And so there is some x-factor that was the key to its success. Was it the same x-factor that made the Harry Potter books so successful? I like to think not. Maybe it was the same x-factor that made the Twilight books so successful? The two series are in different parts of the ball park, so no, not likely. What do the “experts” say made the Fifty Shades trilogy so popular? They have guesses like I do. Guesses? Guesses! No one knows with 100% certainty what it was about these books that set them on fire. Especially not me.

3) What makes writing great?

I mean the physical stuff, the words on paper. I tried to google this too and couldn’t get a definitive answer. By now you’re saying, you should try to pick up a book too you sap, but it’s the same thing in the onslaught of books on writing that exist. Every writer has their own opinion about what makes the writing in a story great. Is it the way that the writer phrases things? Is it their use of literary tropes? Is it how poetic the words sound or how NOT poetic they sound? 
You likely have your own answers, some y-factor that makes the writing great, but here is something to consider: Why isn’t every novel that has writing that uses your y-factor called great writing? There are a hundred thousand and one clones of Hemingway and just as many clones of Faulkner and Woolf. Is it that Hemingway was the first to write the way that he did? If that’s the case then these writers were innovators. Is that what makes writing great? That you were the first one to pioneer this method or approach? This seems unlikely. 

4) What makes a novel great? Brilliant?

This one really confused me. I have no idea how to approach the question! I recently read a novel I thought both great and brilliant, Night by Elie Wiesel. I cannot tell you why it is. The language is simplistic, but I found more power in each word than in any of Faulkner’s novels. The depictions of concentration camp violence were distanced and yet they were more brutal than anything in Cormac McCarthy’s Blood Meridian. The main character, the author, declares himself a coward in the story. But it was the lack of comic courage in most characters in literature that made Elie Wiesel seem the most humane, a true sample of our species. For better or worse, the depiction lacks the gloss of most literary novels. And this, above all, was why I thought it brilliant. And yet, these things do not make all novels brilliant. Have you ever read a Patterson book in which the main character is like this?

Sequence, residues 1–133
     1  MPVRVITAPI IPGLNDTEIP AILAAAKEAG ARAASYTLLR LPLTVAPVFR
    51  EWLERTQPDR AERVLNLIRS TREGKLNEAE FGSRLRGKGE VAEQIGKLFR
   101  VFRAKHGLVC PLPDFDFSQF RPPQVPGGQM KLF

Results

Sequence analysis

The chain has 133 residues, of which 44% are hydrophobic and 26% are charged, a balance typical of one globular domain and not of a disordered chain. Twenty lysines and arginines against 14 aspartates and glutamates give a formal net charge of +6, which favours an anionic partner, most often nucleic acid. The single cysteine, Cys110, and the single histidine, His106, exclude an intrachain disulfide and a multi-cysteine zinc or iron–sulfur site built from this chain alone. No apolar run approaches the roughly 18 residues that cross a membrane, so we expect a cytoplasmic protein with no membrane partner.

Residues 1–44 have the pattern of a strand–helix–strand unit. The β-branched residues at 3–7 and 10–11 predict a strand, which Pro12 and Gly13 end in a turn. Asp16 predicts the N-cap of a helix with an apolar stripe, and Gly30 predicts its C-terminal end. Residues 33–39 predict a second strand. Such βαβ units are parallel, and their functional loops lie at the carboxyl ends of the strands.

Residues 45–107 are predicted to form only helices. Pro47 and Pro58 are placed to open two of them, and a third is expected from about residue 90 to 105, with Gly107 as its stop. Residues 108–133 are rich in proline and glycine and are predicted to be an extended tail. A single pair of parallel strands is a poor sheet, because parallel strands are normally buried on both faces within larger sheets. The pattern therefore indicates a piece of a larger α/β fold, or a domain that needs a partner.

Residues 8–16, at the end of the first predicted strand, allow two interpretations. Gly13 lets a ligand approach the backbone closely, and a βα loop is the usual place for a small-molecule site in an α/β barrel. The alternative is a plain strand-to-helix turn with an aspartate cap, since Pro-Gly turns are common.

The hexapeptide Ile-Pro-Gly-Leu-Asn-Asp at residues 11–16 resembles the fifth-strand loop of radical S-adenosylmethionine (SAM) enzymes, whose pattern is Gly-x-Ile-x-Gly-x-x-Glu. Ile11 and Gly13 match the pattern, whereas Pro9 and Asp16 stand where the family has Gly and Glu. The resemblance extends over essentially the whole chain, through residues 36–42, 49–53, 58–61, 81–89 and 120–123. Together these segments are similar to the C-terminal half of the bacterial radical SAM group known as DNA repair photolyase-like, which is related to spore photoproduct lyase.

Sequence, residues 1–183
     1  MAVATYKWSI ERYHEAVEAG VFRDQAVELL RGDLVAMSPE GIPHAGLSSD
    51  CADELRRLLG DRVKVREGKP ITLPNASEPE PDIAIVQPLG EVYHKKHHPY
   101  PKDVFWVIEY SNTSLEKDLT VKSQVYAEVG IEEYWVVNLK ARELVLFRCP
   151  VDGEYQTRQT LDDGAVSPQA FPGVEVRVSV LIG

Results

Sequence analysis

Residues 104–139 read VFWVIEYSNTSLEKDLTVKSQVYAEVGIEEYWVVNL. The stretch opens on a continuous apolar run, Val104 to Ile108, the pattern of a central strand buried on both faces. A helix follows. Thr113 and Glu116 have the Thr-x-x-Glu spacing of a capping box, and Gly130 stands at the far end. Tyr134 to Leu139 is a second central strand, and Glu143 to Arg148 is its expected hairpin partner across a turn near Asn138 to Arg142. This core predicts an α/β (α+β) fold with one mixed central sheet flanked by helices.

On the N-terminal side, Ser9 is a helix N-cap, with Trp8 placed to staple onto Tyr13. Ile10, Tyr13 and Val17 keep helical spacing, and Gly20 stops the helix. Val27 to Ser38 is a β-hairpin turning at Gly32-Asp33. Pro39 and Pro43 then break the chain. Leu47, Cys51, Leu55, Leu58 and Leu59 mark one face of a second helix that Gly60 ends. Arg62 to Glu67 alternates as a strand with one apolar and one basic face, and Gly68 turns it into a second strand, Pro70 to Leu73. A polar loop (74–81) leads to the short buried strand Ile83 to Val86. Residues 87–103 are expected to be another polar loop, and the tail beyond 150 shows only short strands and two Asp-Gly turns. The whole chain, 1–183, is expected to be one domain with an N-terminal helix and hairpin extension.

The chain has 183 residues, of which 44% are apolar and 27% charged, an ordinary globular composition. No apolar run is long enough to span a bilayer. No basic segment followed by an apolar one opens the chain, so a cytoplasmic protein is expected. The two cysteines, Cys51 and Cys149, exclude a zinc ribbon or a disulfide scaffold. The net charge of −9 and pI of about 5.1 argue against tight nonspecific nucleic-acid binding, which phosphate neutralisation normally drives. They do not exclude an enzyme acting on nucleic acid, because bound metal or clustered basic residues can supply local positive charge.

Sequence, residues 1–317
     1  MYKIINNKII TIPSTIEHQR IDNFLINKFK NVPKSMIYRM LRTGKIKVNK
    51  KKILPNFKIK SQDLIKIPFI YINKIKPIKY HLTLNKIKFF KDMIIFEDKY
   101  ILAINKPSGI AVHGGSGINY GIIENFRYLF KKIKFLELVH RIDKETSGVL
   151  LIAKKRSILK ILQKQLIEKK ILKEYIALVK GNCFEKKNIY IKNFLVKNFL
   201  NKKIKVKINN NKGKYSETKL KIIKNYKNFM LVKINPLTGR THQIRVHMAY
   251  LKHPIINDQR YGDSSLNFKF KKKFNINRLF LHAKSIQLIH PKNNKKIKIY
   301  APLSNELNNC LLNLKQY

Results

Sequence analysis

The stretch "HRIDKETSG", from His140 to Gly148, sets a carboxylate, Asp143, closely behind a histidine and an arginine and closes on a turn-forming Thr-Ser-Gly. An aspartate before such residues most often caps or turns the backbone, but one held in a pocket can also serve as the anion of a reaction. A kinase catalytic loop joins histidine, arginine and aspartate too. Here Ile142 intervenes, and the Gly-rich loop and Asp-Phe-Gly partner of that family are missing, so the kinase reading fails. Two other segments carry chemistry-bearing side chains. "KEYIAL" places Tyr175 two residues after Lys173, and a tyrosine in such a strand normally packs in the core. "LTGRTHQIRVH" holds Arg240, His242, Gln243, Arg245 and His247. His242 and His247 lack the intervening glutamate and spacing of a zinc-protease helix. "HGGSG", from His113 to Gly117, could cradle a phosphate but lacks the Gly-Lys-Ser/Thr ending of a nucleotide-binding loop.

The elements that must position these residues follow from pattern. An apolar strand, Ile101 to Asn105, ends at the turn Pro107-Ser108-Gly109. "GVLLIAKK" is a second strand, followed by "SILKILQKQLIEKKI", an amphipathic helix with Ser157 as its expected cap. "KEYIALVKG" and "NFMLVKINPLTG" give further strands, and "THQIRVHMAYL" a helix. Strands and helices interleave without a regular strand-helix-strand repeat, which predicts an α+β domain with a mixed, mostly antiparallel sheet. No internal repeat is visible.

And now I will tell you the little that I do know about writing. It is a subjective craft; there is nothing objective about it. There are no rules to it. Whenever I come with a rule of writing, I quickly come up with an exception to the rule and then another, and then another, until the exceptions seem to be the rule! Even the most fundamental rule, that you use the language of the nation you are in, seems flimsy. For stylistic reasons, a writer can bend these rules. Like so. 

I also know this: There is no correct way to write fiction, regardless of what other writers say. And this is the reason why I continue to write. It doesn’t discourage me that I know so little about it. It gives me strength to know that other writers are in the exact same position as I am. So, snicker a little whenever you hear a writer tell you that they know what makes good writing. I always do.

Where you can find Louis: 
Blog - Facebook - Goodreads

And now it's time for an International giveaway!
Would you like an eBook copy of "Absolution"?

Well, here’s your big chance!
a Rafflecopter giveaway
*Don't forget this is the last day to join the special giveaway for this tour running only on Dark Mind Book Tours! Louis is offering a huge, fantastic, unmissable swag composed by: 1 paperback of Absolution, 1 keychain, 1 bookmark, 1 magnet, 1 hat, 1 magnifying glass and 1 pair of shades INTERNATIONAL.